Classic Movie Beginner’s Guide: Beach Party Movies

In our ongoing series, we’ve turned our focus to a specific person or genre we want to try and shine a light on. Today our topic is summer-themed.

While it’s not exactly a venerated subgenre, the beach party movies are enjoyable nonetheless for evoking the surf craze and the teen beach culture of the 1960s. What they brought together was youth trends of the era from fashion to music and heartthrobs like Frankie Avalon and Annette Funicello.

Although there are too many knockoffs and offshoots even to begin cataloging them all, here are 4 titles to consider if you want to dip your toe in.

Where The Boys Are (1960)

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While there were earlier pictures like Gidget (1959) and there were plenty of copy cat films like Palm Springs Weekend, Where The Boys Are bottles up a lot of the charm that makes these classics a guilty pleasure. The cast is packed with the likes of Dolores Hart, George Hamilton, Paula Prentiss, Jim Hutton, and Frank Gorshin. And with Connie Francis singing the title tune it’s too much fun to refuse.

Ride The Wild Surf (1964)

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It doesn’t get much better than the title track sung by surf sound icons Jan & Dean. The cast is another ensemble of teen idol who’s who, including Tab Hunter, Shelley Fabares, Fabian, and Barbara Eden. The exploits of real-time shredding pro Miki Dora were also featured in the place of corny back projection.

Beach Blanket Bingo (1965)

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There would be no sub-genre without AIP’s series including the likes of Beach Party and the highly original follow-up Muscle Beach Party. While they stuck to much of the same formula (and essentially the same plotline), the charisma of Frankie and Annette, buoyed by hip music, campy antics, and crazy adults, provides more than enough diversions for a summer night shindig.

Don’t Make Waves (1967)

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While it’s not as well-remembered and near the tail-end of the cycle, the cast is quite spectacular. Tony Curtis. Claudia Cardinale. And Sharon Tate appears in her first prominent film role. It’s got more than enough in the form of landslides, bodybuilding, sky diving, and most certainly romantic entanglement to easily fit the bill of a Beach Party movie.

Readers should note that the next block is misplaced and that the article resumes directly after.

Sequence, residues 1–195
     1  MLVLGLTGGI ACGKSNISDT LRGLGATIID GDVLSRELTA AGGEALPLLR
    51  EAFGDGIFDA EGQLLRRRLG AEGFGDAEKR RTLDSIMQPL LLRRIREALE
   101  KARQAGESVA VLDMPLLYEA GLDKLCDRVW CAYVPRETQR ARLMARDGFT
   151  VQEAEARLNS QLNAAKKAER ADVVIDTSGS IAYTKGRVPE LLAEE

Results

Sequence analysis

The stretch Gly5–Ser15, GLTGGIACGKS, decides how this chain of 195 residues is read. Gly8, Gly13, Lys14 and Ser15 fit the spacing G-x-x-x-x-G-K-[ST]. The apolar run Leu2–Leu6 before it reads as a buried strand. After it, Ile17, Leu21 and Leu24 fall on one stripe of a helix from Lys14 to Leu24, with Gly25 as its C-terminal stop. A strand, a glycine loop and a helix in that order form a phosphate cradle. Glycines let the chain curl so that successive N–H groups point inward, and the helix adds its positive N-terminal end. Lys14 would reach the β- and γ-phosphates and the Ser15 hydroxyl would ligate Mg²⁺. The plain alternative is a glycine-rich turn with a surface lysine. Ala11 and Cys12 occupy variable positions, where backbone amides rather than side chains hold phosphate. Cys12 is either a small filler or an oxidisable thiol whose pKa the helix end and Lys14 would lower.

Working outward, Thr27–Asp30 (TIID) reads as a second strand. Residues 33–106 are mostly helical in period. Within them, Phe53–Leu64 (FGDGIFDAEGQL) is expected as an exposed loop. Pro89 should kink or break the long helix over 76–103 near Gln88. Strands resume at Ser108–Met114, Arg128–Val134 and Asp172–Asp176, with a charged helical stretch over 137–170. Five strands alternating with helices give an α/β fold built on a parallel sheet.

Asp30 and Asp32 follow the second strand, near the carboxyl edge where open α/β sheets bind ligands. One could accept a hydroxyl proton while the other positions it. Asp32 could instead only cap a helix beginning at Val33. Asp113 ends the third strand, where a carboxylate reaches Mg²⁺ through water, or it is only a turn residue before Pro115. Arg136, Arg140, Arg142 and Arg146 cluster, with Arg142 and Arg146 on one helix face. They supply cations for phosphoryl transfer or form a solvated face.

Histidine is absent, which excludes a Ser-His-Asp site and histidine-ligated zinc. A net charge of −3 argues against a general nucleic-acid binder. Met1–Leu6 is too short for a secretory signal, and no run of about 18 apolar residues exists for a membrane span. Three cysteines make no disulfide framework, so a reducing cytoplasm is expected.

AFI Corner: Villains #30 Travis Bickle

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In this column, I go back to my roots with The American Film Institute’s Top 100 Lists, a good place to start for those interested in Classic Hollywood films. It’s in concurrence with #AFIMovieClub and the 10th anniversary of becoming a classic movie fan myself.  Thanks for reading.

The first time I ever saw Taxi Driver — owing partially to AFI’s list of heroes and villains and my own naivete at the time — I think I legitimately did think of Travis Bickle as a villain. At least he was a volatile human being I didn’t know what to do with. He unnerved me in a sense. Hence, villainy. It makes it a lot easier to categorize him in such a way because it makes it unnecessary to consider his character in more complicated terms.

However, over subsequent viewings and as I’ve grown as a person, my thoughts on Travis have evolved even a little bit. Sure, there still is the same knee-jerk reaction to his brand of vigilantism that goes to the extreme. And yet I look at him, his genuine desire to clean up the revolting streets, his sense of compulsion to protect Jodie Foster’s character — how do you come to terms with him?

These are not bad desires per se, but they get twisted over the course of the movie. By the time of his dream-like ascension, the angst of this cabbie and Vietnam vet has taken him off the proverbial deep-end.

The final scenes of Taxi Driver — even the ones leading up to the climax — and following thereafter, do not make me angry at Travis. On the contrary, I pity him and question what kind of world we live where someone can come to believe that they are a hero in their little world of self-delusion. And yet it doesn’t end simply there. Something more exists. For even the briefest of moments I think and question: Is there someone or something like Travis Bickle inside myself?

After all, if he started from a place of genuine altruism, what about me?  I can be, at times, petty and self-serving on my worst days (or even some of my better ones). You never set out to be a villain. Sometimes it just happens due to the proclivities of human nature and how we are wired.

So, on a good day is Travis a hero and on a bad day, a villain? I’m not sure if it’s as easy as that. But I would like to slightly push back against the villain title. I think what drew Paul Schrader, Martin Scorsese, and Robert De Niro toward the character was this inherent sense of the everyman ambiguity.

He could be any of us. The character is a barometer of the times and a culture coming to terms with the times. Even as De Niro leers into the mirror gruffly yelling, “You talking to me?” he’s not just calling out to his own reflection. We are all in his place. It’s yet to be known how we respond. That’s what makes it one of the most memorable characterizations of the 1970s. As much as I don’t want to admit it, Travis spells out the best and worst about us.